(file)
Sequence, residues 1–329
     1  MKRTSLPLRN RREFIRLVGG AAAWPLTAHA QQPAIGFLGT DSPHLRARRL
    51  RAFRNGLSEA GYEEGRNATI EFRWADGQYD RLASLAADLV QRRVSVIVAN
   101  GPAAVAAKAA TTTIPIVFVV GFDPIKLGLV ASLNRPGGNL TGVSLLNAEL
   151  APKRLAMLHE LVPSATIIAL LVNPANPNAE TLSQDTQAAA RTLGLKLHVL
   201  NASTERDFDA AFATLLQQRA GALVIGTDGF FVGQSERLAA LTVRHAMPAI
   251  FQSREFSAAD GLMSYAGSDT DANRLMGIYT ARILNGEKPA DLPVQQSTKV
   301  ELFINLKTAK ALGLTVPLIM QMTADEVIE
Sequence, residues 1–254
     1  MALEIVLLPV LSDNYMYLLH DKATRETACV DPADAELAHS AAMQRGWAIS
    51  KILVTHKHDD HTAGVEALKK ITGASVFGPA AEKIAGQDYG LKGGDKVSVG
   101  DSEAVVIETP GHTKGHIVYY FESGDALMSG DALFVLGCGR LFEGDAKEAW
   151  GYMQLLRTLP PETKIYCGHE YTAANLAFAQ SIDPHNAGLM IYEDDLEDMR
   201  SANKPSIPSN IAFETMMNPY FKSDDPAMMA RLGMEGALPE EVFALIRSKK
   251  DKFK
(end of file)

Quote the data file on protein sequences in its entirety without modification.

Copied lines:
Sequence, residues 1–329
     1  MKRTSLPLRN RREFIRLVGG AAAWPLTAHA QQPAIGFLGT DSPHLRARRL
    51  RAFRNGLSEA GYEEGRNATI EFRWADGQYD RLASLAADLV QRRVSVIVAN
   101  GPAAVAAKAA TTTIPIVFVV GFDPIKLGLV ASLNRPGGNL TGVSLLNAEL
   151  APKRLAMLHE LVPSATIIAL LVNPANPNAE TLSQDTQAAA RTLGLKLHVL
   201  NASTERDFDA AFATLLQQRA GALVIGTDGF FVGQSERLAA LTVRHAMPAI
   251  FQSREFSAAD GLMSYAGSDT DANRLMGIYT ARILNGEKPA DLPVQQSTKV
   301  ELFINLKTAK ALGLTVPLIM QMTADEVIE
Sequence, residues 1–254
     1  MALEIVLLPV LSDNYMYLLH DKATRETACV DPADAELAHS AAMQRGWAIS
    51  KILVTHKHDD HTAGVEALKK ITGASVFGPA AEKIAGQDYG LKGGDKVSVG
   101  DSEAVVIETP GHTKGHIVYY FESGDALMSG DALFVLGCGR LFEGDAKEAW
   151  GYMQLLRTLP PETKIYCGHE YTAANLAFAQ SIDPHNAGLM IYEDDLEDMR
   201  SANKPSIPSN IAFETMMNPY FKSDDPAMMA RLGMEGALPE EVFALIRSKK
   251  DKFK